Transdifferentiation does not make iPS cells obsolete

Do we still need iPS cells if transdifferentiation is so cool?

Wait, how did we get to the point that people are asking me that extreme question?

When iPS cells were first introduced to the world by Shinya Yamanaka, who I think will win the Nobel Prize sometime in the next few years, some folks went off the deep end. For example, opponents of human embryonic stem cell research (hESC) pronounced the need for hESC to be gone.

Others like Dr. Oz, to put it lightly, did not understand the nuances of the stem cell field and made gross misstatements. Oz had his train wreck of an appearance on Oprah saying so wrongly “the stem cell debate is over” with hero Michael J. Fox present. It is painful to even think about that stupid stunt by Oz so I’m not even going to link to the video.

A half a dozen years later, we still need hESC even though iPS cells are a quite powerful technology.

Now some are questioning whether we even need iPS cells if transdifferentiation is so powerful.

These folks ask “why not eliminate the middle man (i.e. iPS cells) if we can directly make the differentiated cells we want from cells like fibroblasts?”

I’m hearing this question more in the last week what with a new, very neat paper in PNAS from Marius Wernig on transdifferentiating fibroblasts into neural progenitors.

Previously Wernig’s team had made neurons from fibroblasts. What makes this new paper quite interesting is that neural progenitors are likely to be far more useful for regenerative medicine than actual neurons because neurons made in a dish are unlikely to transplant and engraft well.

My colleague Amy Adams from CIRM has a nice piece on Wernig’s work on the CIRM Research Blog.

Transdifferentiation is without a doubt a very powerful approach to exploit in the future to make clinically relevant stem cell-based drugs for regenerative medicine. However, it is very new (making even iPS cells seem like a mature technology) and there are very few publications on it.

My own lab toyed with it a few years back with some interesting, but unpublished results.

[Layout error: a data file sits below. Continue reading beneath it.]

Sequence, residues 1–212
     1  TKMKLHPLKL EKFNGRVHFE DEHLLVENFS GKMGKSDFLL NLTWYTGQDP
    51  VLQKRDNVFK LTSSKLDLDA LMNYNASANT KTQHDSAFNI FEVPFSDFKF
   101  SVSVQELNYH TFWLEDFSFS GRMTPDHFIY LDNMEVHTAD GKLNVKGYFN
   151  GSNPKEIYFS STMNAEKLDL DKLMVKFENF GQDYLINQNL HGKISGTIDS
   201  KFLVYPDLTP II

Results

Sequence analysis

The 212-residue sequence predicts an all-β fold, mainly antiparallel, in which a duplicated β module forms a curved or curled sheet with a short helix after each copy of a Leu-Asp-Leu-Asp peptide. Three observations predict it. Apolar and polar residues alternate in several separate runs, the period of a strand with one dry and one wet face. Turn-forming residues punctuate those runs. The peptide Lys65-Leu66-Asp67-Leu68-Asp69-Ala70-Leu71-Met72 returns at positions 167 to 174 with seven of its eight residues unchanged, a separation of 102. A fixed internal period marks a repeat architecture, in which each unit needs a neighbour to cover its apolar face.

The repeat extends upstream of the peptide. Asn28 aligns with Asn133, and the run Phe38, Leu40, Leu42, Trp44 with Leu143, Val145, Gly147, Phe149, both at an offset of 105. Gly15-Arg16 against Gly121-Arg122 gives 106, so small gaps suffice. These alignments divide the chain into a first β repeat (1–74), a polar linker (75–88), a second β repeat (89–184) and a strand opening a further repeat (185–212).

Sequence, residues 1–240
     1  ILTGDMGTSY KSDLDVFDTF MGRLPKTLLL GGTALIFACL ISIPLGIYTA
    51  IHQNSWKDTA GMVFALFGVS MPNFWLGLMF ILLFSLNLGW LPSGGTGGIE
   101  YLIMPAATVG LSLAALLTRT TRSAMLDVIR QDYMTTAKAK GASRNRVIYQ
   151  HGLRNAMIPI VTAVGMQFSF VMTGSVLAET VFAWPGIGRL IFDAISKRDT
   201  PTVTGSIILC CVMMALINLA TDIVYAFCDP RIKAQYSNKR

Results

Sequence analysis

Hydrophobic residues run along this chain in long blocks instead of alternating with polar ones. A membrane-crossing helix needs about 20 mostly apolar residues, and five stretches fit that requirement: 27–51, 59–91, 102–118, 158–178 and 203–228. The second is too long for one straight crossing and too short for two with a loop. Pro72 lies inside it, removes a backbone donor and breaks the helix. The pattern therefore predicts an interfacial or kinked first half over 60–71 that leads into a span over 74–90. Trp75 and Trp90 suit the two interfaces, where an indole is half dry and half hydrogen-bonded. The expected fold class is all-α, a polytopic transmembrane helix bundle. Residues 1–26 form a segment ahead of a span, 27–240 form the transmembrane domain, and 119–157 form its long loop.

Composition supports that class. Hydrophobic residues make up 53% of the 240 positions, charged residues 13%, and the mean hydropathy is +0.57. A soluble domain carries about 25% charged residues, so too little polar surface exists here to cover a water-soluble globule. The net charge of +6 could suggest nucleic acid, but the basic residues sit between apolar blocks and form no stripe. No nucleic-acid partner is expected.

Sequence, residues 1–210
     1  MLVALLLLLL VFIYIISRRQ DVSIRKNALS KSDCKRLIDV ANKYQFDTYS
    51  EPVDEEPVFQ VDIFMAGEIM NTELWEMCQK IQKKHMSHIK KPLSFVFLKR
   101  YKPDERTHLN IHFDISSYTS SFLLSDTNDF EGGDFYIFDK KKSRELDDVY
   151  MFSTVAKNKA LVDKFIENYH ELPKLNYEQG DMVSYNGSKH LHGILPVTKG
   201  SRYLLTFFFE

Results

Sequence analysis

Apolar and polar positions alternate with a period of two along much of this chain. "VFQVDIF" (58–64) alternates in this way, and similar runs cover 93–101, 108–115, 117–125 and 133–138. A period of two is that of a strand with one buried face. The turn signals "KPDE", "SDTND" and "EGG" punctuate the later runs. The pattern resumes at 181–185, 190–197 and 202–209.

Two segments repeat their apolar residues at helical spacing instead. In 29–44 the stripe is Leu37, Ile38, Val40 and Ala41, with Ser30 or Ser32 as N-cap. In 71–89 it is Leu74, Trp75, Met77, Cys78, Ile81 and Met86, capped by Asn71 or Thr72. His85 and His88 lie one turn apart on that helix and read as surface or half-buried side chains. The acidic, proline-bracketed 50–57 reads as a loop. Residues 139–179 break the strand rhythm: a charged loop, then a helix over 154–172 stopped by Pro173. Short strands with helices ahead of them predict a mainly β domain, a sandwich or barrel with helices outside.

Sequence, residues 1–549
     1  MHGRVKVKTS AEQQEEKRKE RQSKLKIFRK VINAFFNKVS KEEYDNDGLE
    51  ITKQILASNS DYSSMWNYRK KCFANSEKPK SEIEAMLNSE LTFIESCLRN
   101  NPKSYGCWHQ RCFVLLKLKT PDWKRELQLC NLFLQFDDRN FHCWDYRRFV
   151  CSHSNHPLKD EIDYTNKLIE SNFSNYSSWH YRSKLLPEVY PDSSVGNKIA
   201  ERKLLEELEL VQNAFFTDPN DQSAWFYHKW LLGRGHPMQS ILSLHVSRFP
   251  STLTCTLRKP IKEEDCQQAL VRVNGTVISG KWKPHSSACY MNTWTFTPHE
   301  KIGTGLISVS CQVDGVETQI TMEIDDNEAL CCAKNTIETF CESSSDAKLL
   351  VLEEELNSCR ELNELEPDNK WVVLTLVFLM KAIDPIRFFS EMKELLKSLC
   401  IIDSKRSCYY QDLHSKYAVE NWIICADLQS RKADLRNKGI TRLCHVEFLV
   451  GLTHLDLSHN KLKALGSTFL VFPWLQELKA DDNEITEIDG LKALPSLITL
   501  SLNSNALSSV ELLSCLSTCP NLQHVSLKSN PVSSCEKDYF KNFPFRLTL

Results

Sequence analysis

The reason why I think transdifferentiation has not been published more is that it is a very tricky, inefficient technology right now. It is very possible that this will change, but it is still early days. For this reason alone, I think iPS cells are here to stay for a long time.

In addition, we also do not know how cells made from iPS cells and transdifferentiated cells really stack up head-to-head in a clinically relevant setting. iPS cell derivatives could prove superior. The jury is out.

So for now, we need hESC and iPS cells as we continue to learn more about transdifferentiation, a very exciting new technology. It is also important to point out that transdifferentiation was only something people tried after being inspired and instructed by Yamanaka’s iPS experiments!


  1. Interesting piece. Your point that the jury is still out on iPSC vs transdifferentiation makes sense. Regarding efficiency, there is data by Ieda et al. (Cell, Volume 142, Issue 3, 6 August 2010, Pages 375-386) showing that the efficiency of direct programming of fibroblasts to cardiomyocytes using Gata4, Mef2c, & Tbx5 is 20%, compared to <0.1% efficiency using the Yamanaka factors to derive iPS cells from fibroblasts. As stated in the preview to this article, so-called iCMs (inducible cardiomyocytes) may provide an advantage over iPS-derived cardiomyocytes since they can be produced in greater yields with faster kinetics, and do not have residual pluripotent cells that could produce teratomas ( Even if iCMs prove to win out over iPS for clinical applications, iPS derived from patient fibroblasts will still be useful for creating models of congenital diseases in order to understand the effects of gene mutations on the various stages of lineage-specific development.

    • Chris, this is a good point. I would say, however, that that 20% efficiency reported seems almost too good to be true in general in the field and anecdotally I’ve heard that the efficiency of transdifferentiation is usually <0.1%. However, perhaps in some contexts the efficiency of transdifferentiation in certain experiments can be very high.

      If so, I'm then wondering why are so few papers out there on transdifferentiation?

      Whatever the current efficiency, I predict that transdifferentiation is here to stay, it will continue to improve, and ultimately be extraordinarily useful for clinical applications including applications where iPS cells and ESC may not be applicable.

  2. Great stuff as usual, and thank you for this blog. Looks like Yamanako plans to enter first ever human clinical trials (in Japan?) sometime next year targeting AMD with an iPS cell transplant. IMO, reviewing efficacy data side-by-side with that of Advanced Cell Technology’s hESC derived cells, currently in a Phase I/II FDA trial for the same disease, should provide for some compelling debate and hopefully future treatment options. And yes, the jury is still out.

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